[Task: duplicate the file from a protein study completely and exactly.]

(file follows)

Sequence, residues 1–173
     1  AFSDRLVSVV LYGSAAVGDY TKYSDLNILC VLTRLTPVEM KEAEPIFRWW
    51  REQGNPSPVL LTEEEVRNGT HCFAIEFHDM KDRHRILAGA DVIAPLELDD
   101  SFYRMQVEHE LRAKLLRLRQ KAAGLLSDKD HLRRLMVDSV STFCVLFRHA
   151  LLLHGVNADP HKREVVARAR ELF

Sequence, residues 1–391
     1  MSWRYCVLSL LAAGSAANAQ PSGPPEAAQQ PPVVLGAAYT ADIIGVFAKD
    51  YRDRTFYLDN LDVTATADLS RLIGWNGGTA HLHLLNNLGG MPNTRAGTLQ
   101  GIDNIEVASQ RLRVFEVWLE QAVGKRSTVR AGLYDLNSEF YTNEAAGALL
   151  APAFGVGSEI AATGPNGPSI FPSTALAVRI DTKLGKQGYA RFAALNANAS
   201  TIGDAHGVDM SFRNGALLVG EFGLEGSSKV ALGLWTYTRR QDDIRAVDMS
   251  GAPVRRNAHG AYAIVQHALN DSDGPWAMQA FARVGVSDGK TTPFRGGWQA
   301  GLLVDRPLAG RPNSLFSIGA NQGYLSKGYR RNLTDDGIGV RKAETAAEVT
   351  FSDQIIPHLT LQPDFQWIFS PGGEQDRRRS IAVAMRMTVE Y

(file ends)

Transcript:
Sequence, residues 1–173
     1  AFSDRLVSVV LYGSAAVGDY TKYSDLNILC VLTRLTPVEM KEAEPIFRWW
    51  REQGNPSPVL LTEEEVRNGT HCFAIEFHDM KDRHRILAGA DVIAPLELDD
   101  SFYRMQVEHE LRAKLLRLRQ KAAGLLSDKD HLRRLMVDSV STFCVLFRHA
   151  LLLHGVNADP HKREVVARAR ELF

Sequence, residues 1–391
     1  MSWRYCVLSL LAAGSAANAQ PSGPPEAAQQ PPVVLGAAYT ADIIGVFAKD
    51  YRDRTFYLDN LDVTATADLS RLIGWNGGTA HLHLLNNLGG MPNTRAGTLQ
   101  GIDNIEVASQ RLRVFEVWLE QAVGKRSTVR AGLYDLNSEF YTNEAAGALL
   151  APAFGVGSEI AATGPNGPSI FPSTALAVRI DTKLGKQGYA RFAALNANAS
   201  TIGDAHGVDM SFRNGALLVG EFGLEGSSKV ALGLWTYTRR QDDIRAVDMS
   251  GAPVRRNAHG AYAIVQHALN DSDGPWAMQA FARVGVSDGK TTPFRGGWQA
   301  GLLVDRPLAG RPNSLFSIGA NQGYLSKGYR RNLTDDGIGV RKAETAAEVT
   351  FSDQIIPHLT LQPDFQWIFS PGGEQDRRRS IAVAMRMTVE Y